|Eric Castañeda addressing gubernatorial candidates and|
audience on why Wolfe Street Academy needs a gym.
Photo by: Fern Shen
Fern Shen's March 7, 2014 article about the BEC Gubernatorial Candidates Forum in the Baltimore Brew features students and staff from City Springs Elementary/Middle School and Wolfe Street Academy. The event was held at City Springs Elementary/Middle School and the Baltimore Curriculum Project worked with other coalition members to plan and run the event: https://www.baltimorebrew.com/2014/03/07/city-school-advocates-press-gubernatorial-candidates-at-forum/
Below are some excerpts from the article:
What’s it like to attend a public elementary school that lacks a gym?
A 9-year-old student from Wolfe Street Academy in Upper Fells Point explained it Wednesday night to the three Democratic candidates running for governor as well as to a crowd of more than 300.
“Right now, we spend the winter and rainy days playing whatever we can between the cafeteria tables,” said 4th-grader Eric Castañeda.
In good weather they go to a small blacktop area outside. Or they go to a lane behind the school, where the gym teacher uses cones to block off traffic and has the children walk on the sidewalk, keeping track of the distance as part of Wolfe Street’s “Mileage Club.”
“There aren’t a lot of sports leagues in our neighborhood and there is not a lot of open area a safe walking distance away,” Castañeda said.
“I want to learn to play basketball. I want to run. I want to be able to play real sports year-round. . . Please help us get a gym at Wolfe Street Academy.”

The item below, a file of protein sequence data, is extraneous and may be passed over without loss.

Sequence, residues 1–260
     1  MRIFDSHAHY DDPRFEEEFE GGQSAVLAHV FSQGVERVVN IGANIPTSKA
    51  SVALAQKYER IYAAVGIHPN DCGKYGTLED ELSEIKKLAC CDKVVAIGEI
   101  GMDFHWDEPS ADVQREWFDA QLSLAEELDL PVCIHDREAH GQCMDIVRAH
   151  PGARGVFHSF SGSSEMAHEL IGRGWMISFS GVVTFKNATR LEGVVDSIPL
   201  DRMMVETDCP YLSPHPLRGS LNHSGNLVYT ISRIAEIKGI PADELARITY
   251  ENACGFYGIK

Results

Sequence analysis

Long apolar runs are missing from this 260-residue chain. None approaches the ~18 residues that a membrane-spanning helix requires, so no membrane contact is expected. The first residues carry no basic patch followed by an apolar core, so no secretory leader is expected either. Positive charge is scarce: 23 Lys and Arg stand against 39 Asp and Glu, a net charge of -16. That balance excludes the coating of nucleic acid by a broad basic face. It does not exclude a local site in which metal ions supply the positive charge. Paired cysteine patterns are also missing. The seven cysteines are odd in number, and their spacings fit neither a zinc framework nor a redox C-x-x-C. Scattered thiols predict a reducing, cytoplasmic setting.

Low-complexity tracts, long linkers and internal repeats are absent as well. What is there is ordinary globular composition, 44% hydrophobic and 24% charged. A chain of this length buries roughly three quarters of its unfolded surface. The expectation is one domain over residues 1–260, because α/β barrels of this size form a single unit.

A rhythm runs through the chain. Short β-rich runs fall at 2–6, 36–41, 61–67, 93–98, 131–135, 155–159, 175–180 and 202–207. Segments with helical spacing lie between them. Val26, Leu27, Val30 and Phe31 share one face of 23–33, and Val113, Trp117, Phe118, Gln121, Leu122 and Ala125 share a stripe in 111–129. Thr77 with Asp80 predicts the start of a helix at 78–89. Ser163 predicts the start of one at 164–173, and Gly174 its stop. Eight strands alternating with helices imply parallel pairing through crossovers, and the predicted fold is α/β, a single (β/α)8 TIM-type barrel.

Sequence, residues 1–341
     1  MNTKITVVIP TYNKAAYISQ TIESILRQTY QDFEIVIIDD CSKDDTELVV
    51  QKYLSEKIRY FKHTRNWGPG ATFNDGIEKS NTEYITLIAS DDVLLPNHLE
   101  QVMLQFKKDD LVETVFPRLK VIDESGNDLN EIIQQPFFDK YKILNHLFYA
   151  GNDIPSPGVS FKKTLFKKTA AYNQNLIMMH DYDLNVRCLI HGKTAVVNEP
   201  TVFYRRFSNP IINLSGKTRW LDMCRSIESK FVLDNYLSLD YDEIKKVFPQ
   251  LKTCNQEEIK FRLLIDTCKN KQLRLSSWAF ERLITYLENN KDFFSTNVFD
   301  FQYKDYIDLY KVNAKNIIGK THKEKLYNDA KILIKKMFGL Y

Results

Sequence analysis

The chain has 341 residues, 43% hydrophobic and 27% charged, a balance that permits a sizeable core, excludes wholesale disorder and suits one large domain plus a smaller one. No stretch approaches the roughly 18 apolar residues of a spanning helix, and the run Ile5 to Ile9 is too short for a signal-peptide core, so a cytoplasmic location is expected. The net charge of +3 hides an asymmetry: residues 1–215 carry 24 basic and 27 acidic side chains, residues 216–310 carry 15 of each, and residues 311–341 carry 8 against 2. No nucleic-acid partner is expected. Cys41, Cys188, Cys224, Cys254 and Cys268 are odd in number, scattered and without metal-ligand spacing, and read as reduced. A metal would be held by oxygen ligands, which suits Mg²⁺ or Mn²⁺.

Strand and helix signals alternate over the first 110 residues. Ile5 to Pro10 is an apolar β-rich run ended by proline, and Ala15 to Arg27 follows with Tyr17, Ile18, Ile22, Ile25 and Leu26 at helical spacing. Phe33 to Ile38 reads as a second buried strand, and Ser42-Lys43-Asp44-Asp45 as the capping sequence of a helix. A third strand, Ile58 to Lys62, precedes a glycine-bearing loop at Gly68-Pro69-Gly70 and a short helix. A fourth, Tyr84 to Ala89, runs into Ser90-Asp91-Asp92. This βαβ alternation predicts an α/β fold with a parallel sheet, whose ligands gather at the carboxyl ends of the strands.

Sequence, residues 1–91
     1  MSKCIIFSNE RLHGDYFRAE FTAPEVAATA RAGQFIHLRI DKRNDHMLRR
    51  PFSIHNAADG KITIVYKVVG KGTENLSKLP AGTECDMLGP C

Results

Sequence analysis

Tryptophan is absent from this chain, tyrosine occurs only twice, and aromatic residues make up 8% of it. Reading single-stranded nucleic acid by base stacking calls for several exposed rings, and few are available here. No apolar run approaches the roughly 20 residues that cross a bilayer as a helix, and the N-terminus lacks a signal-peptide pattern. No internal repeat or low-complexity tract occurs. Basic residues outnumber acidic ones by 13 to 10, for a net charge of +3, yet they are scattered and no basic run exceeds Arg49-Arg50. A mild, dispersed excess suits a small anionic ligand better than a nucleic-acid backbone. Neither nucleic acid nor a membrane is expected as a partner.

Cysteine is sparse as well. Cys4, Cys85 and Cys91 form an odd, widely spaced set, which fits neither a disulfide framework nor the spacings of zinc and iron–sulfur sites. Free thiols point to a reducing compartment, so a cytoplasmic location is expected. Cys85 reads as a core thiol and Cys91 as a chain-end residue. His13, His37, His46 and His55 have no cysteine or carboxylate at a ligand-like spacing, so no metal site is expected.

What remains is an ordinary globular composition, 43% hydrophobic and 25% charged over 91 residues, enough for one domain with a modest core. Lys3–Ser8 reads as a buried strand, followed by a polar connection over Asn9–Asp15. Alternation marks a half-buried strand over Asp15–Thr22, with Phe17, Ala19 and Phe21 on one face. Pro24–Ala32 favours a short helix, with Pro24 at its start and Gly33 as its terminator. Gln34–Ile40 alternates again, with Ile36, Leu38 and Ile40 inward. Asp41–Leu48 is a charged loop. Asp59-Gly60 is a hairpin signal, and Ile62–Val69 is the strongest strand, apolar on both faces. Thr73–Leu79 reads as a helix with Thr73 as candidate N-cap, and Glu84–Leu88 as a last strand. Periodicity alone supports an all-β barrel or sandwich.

Tackling the facilities question, [Delegate Heather Mizeur] offered a stark and pertinent example – the City Springs building itself that was hosting the event is so overcrowded that, earlier in the day, some students taking the Maryland School Assessment tests had to sit in the gymnasium.
“And the children were in coats,” Mizeur pointed out.
(Principal Rhonda Richetta later confirmed this, saying, “There is a problem with heat in the gym” and noting that when she first came to the school there were 300 students. Now there are almost 700. With space that tight, making the special accommodations some students needed for the test posed a seating problem and meant students were seated in the hallways as well as the gym.)
How to find funding for the second set of schools, places like the Wolfe Street Academy, which are not scheduled for repairs in the first round of construction funding? (Wolfe Street’s place on the list puts a gym or other upgrades 10 years away.)